All thoughts, beliefs, feelings and body sensations are welcome in every therapy session. It's there that we can understand the what, where, how and why of their creation. This acceptance and understanding can free up emotional energy and space.

Therapy can help to update these outdated beliefs and feelings. It can release the old, no longer relevant thoughts and stored feelings that stand in the way of us experiencing a fuller, more satisfying, present moment. Attempting to achieve this on one's own without professional help can be onerous at best and painfully difficult or impossible at its worst.

Building mindfulness can begin simply by noticing more details through your 5 senses: seeing, hearing, smelling, tasting, feeling (physically) ie: “I feel the soft snow under my feet or a chilly wind on my cheeks" as you travel through your day.

Observe physical tensions in your body. Breathe deeply while you hold that area in your awareness and bring micro movements into that area of your body. You may gently massage the area, bringing the warmth of your hands to that area.

You may even acknowledge to yourself that you are noticing the discomfort and you are bringing something nourishing in response to the area that's tense. This can be comforting. It is a positive message we that we can give to the self. This conscious nurturing is very healing since we are our best healers and we have unlimited access to it 24/7.

You can also slow yourself down periodically - your breathing, thinking and movements. Set an alarm and have it remind you on the hour to breathe deeply or get up and stretch or visualize yourself in a white room which is comforting to some. Find the imagery that works for you. Also, drop your jaw and feel your tongue sitting heavily on the floor of your mouth. Drop your shoulders or lift them up to your ears, hold them there for a few seconds and drop them with an “haa" sound.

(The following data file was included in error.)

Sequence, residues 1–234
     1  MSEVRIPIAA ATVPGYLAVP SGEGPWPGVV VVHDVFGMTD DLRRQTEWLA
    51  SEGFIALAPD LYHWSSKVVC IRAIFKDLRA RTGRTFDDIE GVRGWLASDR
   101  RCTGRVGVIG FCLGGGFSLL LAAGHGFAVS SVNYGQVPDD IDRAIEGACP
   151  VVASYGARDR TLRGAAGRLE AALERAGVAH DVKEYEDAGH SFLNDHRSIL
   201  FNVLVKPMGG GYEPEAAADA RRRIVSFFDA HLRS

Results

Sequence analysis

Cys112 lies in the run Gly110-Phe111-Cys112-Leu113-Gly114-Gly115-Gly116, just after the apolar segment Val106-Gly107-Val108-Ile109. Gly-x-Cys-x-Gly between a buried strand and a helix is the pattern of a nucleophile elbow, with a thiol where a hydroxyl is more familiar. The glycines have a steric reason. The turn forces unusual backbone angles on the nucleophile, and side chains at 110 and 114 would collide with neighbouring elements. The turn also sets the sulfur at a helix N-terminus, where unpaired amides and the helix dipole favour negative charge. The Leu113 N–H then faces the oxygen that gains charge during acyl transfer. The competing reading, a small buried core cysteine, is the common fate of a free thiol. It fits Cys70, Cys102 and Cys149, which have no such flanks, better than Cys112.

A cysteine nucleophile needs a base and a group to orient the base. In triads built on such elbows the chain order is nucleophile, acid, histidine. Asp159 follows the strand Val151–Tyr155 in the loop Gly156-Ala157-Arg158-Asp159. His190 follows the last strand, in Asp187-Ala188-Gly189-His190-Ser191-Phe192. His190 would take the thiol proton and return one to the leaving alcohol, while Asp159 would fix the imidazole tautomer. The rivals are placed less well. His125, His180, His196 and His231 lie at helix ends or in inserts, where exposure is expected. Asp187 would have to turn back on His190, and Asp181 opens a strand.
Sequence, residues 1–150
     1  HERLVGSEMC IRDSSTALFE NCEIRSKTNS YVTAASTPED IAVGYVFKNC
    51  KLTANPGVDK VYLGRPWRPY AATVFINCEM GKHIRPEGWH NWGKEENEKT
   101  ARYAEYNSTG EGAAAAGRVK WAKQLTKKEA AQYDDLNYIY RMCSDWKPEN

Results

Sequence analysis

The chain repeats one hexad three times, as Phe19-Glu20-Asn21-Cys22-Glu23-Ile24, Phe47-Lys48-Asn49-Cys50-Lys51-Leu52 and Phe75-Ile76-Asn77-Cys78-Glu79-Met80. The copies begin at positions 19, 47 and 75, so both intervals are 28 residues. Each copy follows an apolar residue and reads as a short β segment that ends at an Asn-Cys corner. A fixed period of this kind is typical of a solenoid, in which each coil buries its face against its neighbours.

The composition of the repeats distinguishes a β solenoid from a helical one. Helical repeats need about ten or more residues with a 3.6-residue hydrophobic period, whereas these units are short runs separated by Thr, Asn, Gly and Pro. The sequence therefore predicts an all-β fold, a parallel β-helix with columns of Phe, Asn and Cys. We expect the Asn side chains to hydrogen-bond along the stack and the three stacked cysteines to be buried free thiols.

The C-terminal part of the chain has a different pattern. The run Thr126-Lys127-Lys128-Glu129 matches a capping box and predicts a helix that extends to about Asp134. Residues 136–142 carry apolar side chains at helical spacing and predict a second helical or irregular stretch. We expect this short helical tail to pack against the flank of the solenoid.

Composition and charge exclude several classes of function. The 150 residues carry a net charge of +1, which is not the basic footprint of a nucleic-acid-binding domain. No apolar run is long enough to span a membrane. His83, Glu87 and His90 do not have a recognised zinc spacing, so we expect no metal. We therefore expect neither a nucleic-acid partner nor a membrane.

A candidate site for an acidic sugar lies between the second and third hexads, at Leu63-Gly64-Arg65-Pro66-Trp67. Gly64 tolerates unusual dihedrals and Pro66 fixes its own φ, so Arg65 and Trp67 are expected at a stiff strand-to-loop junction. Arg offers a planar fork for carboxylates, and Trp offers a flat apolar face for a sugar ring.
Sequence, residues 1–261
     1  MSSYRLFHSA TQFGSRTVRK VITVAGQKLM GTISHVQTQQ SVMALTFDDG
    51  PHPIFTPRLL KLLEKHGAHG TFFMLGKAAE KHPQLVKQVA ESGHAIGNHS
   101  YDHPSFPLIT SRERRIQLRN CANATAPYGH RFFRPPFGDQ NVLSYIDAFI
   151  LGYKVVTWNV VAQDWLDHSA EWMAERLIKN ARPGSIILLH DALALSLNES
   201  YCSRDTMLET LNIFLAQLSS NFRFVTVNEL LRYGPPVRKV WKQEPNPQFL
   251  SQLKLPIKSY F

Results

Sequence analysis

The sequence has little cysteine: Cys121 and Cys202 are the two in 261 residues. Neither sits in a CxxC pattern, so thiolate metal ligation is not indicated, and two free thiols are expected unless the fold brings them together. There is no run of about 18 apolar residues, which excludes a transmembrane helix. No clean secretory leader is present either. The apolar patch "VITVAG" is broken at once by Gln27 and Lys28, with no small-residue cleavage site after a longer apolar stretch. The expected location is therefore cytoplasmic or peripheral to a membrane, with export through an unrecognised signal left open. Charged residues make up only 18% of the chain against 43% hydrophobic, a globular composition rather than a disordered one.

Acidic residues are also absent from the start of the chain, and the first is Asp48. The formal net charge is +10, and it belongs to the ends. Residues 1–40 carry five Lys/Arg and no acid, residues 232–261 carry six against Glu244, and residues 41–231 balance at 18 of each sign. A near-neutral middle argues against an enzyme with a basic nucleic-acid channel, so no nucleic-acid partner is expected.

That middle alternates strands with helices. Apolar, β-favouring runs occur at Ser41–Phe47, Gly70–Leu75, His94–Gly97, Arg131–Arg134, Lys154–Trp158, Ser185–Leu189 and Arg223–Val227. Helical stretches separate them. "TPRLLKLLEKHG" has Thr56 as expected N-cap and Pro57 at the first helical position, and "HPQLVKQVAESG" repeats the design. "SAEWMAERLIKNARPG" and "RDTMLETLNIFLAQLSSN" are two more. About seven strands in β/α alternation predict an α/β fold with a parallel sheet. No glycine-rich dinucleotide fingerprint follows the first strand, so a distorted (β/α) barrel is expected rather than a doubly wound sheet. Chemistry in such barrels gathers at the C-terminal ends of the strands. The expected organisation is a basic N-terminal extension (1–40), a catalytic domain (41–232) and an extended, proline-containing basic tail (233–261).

Become more aware of the physical tension you are gathering throughout the day and respond to it with a little TLC. It is easier to track and respond to physical tension than emotional tension but we can also do the same for our emotional tension and internal felt sensation. I'll discuss that at a later time.

Ask yourself, 'how is my energy right now?' If it feels manic or scrambled watch the YouTube video, 'Donna Eden 5 Min Energy Routine' and follow along or learn this routine so that you have it in your body and you can draw from it whenever you need to. I especially recommend the Wayne Cook Posture which you could do at your desk periodically during the day without attracting attention. If you have it solidly in your body you can visaulize doing it in your mind and gain the benefits.

Remember...respond to your body from the level it is calling out to you from, be it physical, emotional, energetic or mental with a loving, nurturing, conscious response. You will be cultivating mindfulness. Add this into your day to day, in a playful, light-hearted way and you will be well on your way to building a healthy, mindfulness practice.

Until next time…be well.

PHOTO: SOUL CARDS, Deborah Koff-Chapin


Post a Comment